Just prior to boarding the flight in Stockholm this morning I was reminded of the news I had not missed. Markets across the globe are teetering on the edge of collapse as they seek to divine from employment and durable goods the moment in time when the illusion of interventionist ‘free’ money has to end. None of the equations work anymore. We’re not getting a healthier economy. We’re not seeing more economic activity across the global scene. We’re holding our breath for the German elections in September after which we know that the Eurozone will seize up. We know that the U.S. equities bull run has been more golden calf than exodus from bondage. We know that, without tax ‘advantaged’ abuses, our celebrated cash surpluses would evaporate revealing the abject anemia of our capital circulation. And we know that the illusion in Washington D.C. and playing out in capitals across the G-20 is neither by nor for the People but for the patrons who seek to dance their marionettes one more time before the strings all fray.
Ironically, we’re living in one of the most pervasive stage magician shows ever assembled. On stage we see production illusions in which money and balance sheets are created out of thin air. We see reports of growth while liquidity vanishes. We see transformation where what used to be faith and confidence is transubstantiated into uncertainty and fear. We see levitation of balance sheets and prices driven by pure speculation – not for a productive future but for a timed exsanguination. When the music stops and the curtain falls this theater of the absurd will not leave us yearning for more.
The magic show that began with fledgling conspirators at Bretton Woods during July of 1944 in the midst of World War II began unraveling 42 years ago when the U.S. defaulted on its sacred trust to the assembled throngs at the Mount Washington Hotel. Then U.S. Secretary of State Cordell Hull set the stage for the act by stating that the accord could eliminate, “the economic dissatisfaction that breeds war, (and) we might have a reasonable chance of lasting peace.” Did he (or we) ever intend to end economic dissatisfaction, discriminations and obstructions as he stated to the American people. And now, which of these have we elected to abandon? Economic dissatisfaction? Discrimination? Obstruction? Lasting Peace?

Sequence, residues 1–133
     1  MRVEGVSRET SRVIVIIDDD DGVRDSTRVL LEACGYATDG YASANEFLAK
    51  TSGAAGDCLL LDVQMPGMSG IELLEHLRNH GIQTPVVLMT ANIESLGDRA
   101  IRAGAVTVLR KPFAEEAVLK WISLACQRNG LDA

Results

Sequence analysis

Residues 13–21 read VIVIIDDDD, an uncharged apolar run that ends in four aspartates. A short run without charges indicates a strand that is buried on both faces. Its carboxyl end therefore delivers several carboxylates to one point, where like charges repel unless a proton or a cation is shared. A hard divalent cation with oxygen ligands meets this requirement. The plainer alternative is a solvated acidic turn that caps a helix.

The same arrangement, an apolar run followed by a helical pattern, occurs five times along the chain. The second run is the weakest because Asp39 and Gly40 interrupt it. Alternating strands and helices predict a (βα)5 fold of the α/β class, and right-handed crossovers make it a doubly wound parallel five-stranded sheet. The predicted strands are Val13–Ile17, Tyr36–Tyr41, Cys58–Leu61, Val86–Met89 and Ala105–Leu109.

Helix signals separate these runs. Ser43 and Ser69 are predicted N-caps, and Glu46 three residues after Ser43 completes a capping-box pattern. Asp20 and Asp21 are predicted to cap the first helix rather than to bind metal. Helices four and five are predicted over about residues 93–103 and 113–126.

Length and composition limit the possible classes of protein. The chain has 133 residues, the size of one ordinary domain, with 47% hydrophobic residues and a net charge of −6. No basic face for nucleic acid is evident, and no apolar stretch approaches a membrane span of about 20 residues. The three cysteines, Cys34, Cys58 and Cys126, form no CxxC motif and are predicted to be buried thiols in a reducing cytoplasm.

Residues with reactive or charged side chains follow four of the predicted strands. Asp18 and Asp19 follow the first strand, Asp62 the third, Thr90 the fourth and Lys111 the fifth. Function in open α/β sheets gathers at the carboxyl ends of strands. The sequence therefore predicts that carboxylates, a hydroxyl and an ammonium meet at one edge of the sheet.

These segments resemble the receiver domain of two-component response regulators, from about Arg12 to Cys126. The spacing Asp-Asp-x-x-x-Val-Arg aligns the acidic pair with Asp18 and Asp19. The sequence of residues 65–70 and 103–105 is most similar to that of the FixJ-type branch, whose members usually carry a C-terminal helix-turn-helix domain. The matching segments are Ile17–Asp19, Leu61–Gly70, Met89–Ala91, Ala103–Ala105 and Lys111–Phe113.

Yet why do we stay in our seats as if to wait to see if the outcome might actually be something other than the certainty of the curtain falling on the act? Unlike the Experimentalist who seeks to open unconsidered perception, why are we still stupefied with the deception? Sadly, I think the answer is that we still desperately want to believe. We want to know that some beneficent someone is looking out for us and understands things that are too complex for the common man and woman. We want to know that in our darkest hour, a few intrepid souls have their superhero capes pressed and ready for action and that, despite our banal neglect, we’ll have the just-in-time savior who will make sure that no meaningful harm comes to us.
Gerard’s persuasive show enjoys its magnetism because the consensus illusion is not questioned. He’s not the mentalist. Rather, he demonstrates the power of being liberated from illusions that limit experience and perception. Impossible – whether its bent wine glasses, transoceanic flight, or integral economics – is merely a temporal illusion held vigorously by those who seek to control and constrain. Bend a glass, soar above the clouds, emancipate wealth from the consensus predatory illusion and just maybe you’ll experience a little magic yourself!